The article was published in the journal LPF Newsletter – Institute of Management, Politics and Philosophy, Copenhagen Business School  (2005)
There are many resources to gain from focusing our innovation – and through that also our competitiveness that will put us in a new position because of our building physics. It creates value in connection to clients, the ability to attract employees, the organisational branding, and the collaborative culture.

The two mega trends – globalisation and new customer demands – mean that the familiar market and business relations are now turned upside down. In Denmark we will have to compete on our ability to source knowledge globally while selling locally and by developing unique concepts that bring tailored value to the customer. It is primarily about strategic management, development, and individual customisation – innovation – that is difficult to outsource. This will result in a rapidly increasing competition within the fields of knowledge and innovation – innovation will become a gigantic growth driver.

Organisations have always been living organisms – but it is not until recently that we really focus on the fact that social contact and establishment of places where “things can happen” and where we can “talk with one another” also puts up demands for thinking in new ways about space in change. The reason is that Danes only just now experience increased competition within knowledge and innovation – compared to earlier on when we primarily competed on price and costs. To put it in another way, it now matters how space is designed in relation to establishment of relations and collaboration between people. Some organisations already discovered that there are many resources to gain from designing space that fosters innovation while at the same time acknowledging that the things an organisation does is not measured by how space is used, but rather by the values that the organisation supports. Innovation cannot be required, but only encouraged – and therefore it is relevant to look at the value that comes from developing tools for a gathering of work processes, space, and innovation. In contrast, there has for a while been a nuance lacking debate about cubicles versus offices space. This debate is carried out without visions for development of our working life and without understanding that it is all about diversity and flexible solutions rather than “this-or-that” solutions.

If you take a look at the cubicle and the office space as physical structures and connect them to strategies for management, you will see that they both support the two physical structures in a management triangle we are moving away from: finance, power, and hierarchy. The management triangle of our days is about trust, networks, and organisational boundaries that open up – also towards the external environment – shaped by physical environments that foster interaction, autonomy, and diversity.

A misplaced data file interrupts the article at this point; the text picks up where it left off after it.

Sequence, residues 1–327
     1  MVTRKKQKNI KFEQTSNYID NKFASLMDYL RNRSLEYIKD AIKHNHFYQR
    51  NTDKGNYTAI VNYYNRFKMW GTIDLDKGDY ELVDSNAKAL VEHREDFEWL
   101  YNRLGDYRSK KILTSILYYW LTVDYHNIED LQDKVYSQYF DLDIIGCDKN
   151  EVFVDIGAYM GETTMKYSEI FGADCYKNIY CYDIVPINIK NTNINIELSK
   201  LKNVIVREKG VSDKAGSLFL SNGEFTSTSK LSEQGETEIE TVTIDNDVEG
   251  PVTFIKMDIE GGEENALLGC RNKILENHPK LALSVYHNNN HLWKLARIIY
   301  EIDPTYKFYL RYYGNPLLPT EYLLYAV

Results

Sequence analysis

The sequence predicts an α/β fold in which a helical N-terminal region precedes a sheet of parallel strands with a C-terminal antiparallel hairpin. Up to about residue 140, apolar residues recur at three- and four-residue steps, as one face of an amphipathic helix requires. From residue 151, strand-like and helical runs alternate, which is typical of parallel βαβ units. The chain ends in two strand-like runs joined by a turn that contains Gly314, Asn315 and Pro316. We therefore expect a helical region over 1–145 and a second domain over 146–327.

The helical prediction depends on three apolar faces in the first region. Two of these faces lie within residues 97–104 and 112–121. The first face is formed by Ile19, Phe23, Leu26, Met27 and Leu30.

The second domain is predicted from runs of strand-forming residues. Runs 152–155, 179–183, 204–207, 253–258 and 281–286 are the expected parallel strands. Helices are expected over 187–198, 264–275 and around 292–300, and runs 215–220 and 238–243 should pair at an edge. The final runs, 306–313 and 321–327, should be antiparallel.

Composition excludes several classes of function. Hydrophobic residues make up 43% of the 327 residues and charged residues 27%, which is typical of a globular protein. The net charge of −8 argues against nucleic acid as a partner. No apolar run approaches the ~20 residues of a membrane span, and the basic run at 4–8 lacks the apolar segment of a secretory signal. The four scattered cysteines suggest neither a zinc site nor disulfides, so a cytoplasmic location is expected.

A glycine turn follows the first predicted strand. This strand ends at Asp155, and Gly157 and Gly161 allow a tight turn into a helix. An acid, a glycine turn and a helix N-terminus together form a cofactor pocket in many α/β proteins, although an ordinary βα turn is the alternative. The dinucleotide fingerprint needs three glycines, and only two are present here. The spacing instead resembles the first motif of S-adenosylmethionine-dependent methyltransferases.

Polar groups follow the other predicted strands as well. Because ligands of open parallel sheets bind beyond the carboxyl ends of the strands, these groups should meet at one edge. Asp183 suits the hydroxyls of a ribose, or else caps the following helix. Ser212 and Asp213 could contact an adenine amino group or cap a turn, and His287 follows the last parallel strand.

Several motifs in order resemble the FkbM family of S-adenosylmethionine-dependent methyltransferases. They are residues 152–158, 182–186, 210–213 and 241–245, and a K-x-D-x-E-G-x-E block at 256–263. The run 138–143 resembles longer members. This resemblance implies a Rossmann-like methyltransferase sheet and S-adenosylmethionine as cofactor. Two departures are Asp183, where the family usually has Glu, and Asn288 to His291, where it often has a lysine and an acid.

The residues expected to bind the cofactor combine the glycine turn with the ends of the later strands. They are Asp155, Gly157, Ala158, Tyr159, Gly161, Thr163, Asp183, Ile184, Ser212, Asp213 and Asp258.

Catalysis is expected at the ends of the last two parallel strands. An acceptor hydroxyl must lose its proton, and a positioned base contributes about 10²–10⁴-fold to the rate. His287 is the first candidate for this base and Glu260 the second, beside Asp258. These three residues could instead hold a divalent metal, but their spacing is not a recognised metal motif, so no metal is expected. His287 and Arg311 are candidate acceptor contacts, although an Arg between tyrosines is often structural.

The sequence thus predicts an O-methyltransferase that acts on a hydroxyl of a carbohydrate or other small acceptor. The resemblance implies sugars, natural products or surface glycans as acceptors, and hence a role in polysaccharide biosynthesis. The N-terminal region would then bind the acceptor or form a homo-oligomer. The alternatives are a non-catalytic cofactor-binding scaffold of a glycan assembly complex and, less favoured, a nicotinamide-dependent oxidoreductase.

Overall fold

Why diversity when it comes to building physics? 

Mistakes, incompetence, and ignorance most often occur when people develop in one dimension, meaning that we improve what we are already good at. Organisations can easily turn into behavioural prisons dominated by narrow-mindedness where everybody begins to think the same. This also goes for the design of physical space. Innovation – key competency and diversity are therefore closely connected. A great diversity among employees creates a need for a focus on individual opportunities for adjustment and expression of the physical space. Just like learning new things are often dependent on breaking down old routines to give way for new input and collaboration. The physical space means to give room for “things to happen” – room for occasions that go beyond the expected and where space can be an adventure opening up for the opportunity of finding differences and not only similarities. Innovation happens in many different kinds of relations. What they have in common is the sympathy and attraction.

New success criteria and conditions for designing building physics

Before you can begin to think about solutions, you need to connect a desired organisational structure, ways of collaboration, and physical space while also identifying needs within the organisation. The challenge for the building experts is to meet the criteria for the physical working environment: indoor climate, lighting, acoustics, division of space, surfaces, and materials. The challenge for the organisation is to meet the criteria for the physical working environment. Among other thing, this concerns fulfilment of values and culture, knowledge sharing, innovation, flexibility, collaboration, and diversity. To think about a building from the inside and out, taking a starting point in the kind of communities the organisation wishes to foster. Key employees can build relations to other people and help reduce the time it takes for a merger to become well-functioning and for the people to break down the barriers that are related to the situation.